Apparently Australian Stock Report is circulating a petition to ban short selling. The rationale for this is as follows –
Recently, we have seen billions of dollars wiped from global and Australian equities markets in part due to the practice of Short Selling. This predatory trading technique is often executed in conjunction with algorithmic “bot trading” and has lead to the destruction of the hard earned savings of everyday investors, self managed super funds and retirees.
In particular, the big four banks (ANZ, CBA, NAB, WBC) have had their shares savaged by offshore short sellers which has directly impacted the large amount of Australian investors currently holding these companies.
There are a few things to unpack in these first two paragraphs leaving aside the inflammatory tone and appeal to nameless shadowy forces preying on innocent investors. The point I want to concentrate on is the notion that the big four banks have been subject to relentless short selling that has driven down their prices. This seems to be the first point of error in their thinking – you cannot just wander into the market and start driving down the price of a given instrument. Short selling is already tightly regulated in the Australian market.It is instructive to look to have a look at the prices of the big four.
What is most obvious from this is the banks fall began in 2015 yet 2016 contain no such bleating about short sellers despite prices dropping substantially. In fact, if we zoom out further we see that only ANZ and WBC surpassed their pre-GFC highs.
This failure of the banks as a group to continually make consistent new highs post the GFC is as interesting as the fact that their prices peaked in 2015 and then fell sharply only to recover and then drift down in the case of ANZ, CBA and NAB. Only CBA was able to hold ground. This fact forms part of an interesting narrative around the banks.that in part revolves around the banks no longer being sacrosanct entities that were a guaranteed free ride for investors. Short selling plays no part in this narrative merely standard market forces where stocks move into and out of favour. And banks stocks are in no way immune from this behaviour. Big news for those complaining about short selling – stock prices go up and down. There is no law that says any stock must only ever go up.
The other point to note is the belief that short selling is rampant among the banks at present the following from marketindex.com.au shows the percentage of stock is noted as being short sold in the big four –
ANZ – 0.68%
CBA – 0.51%
NAB – 0.81%
WBC – 0.90%
As you can see this is hardly an overwhelming endorsement for the belief that strange mysterious forces at play deliberately seeking to impoverish your average investor. We can even look back in time at the top 10 most shorted stocks on the ASX.
Source – marketindex.com.au
During the Global Financial Crisis (GFC), we saw regulations introduced to ban the short selling of financial stocks to add stability to the financial system. Once the market stabilised and confidence returned we saw these short selling bans removed.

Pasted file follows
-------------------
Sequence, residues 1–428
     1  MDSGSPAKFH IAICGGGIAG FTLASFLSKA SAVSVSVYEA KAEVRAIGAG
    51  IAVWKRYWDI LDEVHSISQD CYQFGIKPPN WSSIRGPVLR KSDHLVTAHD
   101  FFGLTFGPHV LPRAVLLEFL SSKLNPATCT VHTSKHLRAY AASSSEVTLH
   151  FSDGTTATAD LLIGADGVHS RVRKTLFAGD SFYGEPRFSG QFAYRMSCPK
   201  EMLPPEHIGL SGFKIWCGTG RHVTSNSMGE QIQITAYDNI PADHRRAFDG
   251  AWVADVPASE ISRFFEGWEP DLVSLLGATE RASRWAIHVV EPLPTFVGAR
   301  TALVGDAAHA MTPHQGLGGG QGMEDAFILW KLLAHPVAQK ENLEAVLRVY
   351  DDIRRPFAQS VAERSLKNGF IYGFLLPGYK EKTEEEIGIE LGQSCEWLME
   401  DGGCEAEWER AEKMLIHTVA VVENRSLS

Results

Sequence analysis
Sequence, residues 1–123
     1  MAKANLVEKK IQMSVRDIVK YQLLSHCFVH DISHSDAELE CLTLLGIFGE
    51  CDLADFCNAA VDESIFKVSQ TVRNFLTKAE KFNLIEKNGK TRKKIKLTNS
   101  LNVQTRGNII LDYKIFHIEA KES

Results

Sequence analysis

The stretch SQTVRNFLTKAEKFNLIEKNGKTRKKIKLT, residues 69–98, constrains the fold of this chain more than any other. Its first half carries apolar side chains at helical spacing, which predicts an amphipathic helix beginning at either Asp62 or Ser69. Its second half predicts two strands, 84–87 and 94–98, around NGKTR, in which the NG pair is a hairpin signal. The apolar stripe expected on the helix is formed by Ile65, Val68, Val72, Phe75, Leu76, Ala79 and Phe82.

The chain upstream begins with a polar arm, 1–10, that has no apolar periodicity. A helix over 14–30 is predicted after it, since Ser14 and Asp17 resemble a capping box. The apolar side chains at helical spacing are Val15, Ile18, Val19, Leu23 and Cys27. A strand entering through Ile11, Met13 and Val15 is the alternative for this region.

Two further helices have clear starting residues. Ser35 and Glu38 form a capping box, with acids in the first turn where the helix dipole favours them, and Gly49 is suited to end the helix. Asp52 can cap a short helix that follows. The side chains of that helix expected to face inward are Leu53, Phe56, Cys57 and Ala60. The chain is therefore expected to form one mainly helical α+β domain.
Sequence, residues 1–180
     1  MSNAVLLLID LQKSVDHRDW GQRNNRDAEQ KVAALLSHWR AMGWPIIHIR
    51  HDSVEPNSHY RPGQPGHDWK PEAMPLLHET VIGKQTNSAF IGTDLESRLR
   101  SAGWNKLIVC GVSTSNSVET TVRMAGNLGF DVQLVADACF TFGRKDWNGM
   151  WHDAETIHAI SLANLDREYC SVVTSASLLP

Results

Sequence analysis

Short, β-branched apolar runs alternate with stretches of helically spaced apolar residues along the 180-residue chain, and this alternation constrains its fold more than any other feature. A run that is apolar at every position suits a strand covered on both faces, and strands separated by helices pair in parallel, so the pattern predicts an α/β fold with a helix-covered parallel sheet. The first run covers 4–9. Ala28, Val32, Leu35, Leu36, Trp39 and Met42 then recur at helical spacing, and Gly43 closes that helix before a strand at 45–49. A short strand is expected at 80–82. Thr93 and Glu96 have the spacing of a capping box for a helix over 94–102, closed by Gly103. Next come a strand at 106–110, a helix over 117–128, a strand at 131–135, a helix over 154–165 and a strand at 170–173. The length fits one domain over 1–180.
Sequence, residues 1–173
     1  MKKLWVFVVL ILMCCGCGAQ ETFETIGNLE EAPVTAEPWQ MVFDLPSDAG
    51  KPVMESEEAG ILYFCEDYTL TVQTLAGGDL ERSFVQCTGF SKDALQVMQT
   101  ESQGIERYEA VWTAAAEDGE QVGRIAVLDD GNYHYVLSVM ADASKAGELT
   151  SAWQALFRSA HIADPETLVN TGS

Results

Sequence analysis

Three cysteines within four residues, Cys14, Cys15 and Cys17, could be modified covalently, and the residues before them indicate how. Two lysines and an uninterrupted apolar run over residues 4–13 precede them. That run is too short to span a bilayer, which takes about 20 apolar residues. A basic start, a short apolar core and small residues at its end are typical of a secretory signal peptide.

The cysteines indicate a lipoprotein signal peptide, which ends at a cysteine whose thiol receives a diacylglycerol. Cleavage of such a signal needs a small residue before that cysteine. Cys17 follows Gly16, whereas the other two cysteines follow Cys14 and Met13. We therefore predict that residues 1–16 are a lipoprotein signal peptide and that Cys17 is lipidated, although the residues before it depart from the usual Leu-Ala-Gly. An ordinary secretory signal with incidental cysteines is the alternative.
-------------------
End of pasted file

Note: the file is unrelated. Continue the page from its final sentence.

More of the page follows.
What is interesting in this statement is not that it is actually incorrect but rather at the bottom of the petition Australian Stock Report reference an ASIC article that states the following –
Report 302 Short selling: Post-implementation review (REP 302) also acknowledges that the measures may have contributed to some adverse market characteristics, such as reduced liquidity and increased price volatility. The measures also imposed compliance costs on many firms.
A note to people who put references in their pieces – you might actually want to read them first.
The moment short selling is banned the volatility within the market and individual stocks goes up and price discovery and liquidity go down. Both price discovery and liquidity are essential to a functioning market.
This agrees with findings from around the world.
We find no evidence that short‐sale restrictions provide support for stock prices or that they reduce volatility. Moreover, stocks subject to the short‐selling ban suffered a severe degradation in market quality. Controlling for the adverse effects of the financial crisis on markets, we show that short‐selling restrictions increase intraday volatility, reduce trading activity and increase bid–ask spreads.
We find empirical evidence that the financial crisis was accompanied by an increase in volatility persistence and that this effect was particularly pronounced for those stocks that were subject to short selling constraints. We interpret this finding as evidence of a destabilizing impact of short selling constraints on stock returns volatility.
Contrary to the regulators’ intentions, financial institutions whose stocks were banned experienced greater increases in the probability of default and volatility than unbanned ones, and these increases were larger for more vulnerable financial institutions.
Short-Selling Bans and Bank Stability – Alessandro Beber, Daniela Fabbri, Marco Pagano.Beber, Alessandro and Fabbri, Daniela and Pagano, Marco and Simonelli, Saverio,(December 8, 2017). Available at SSRN: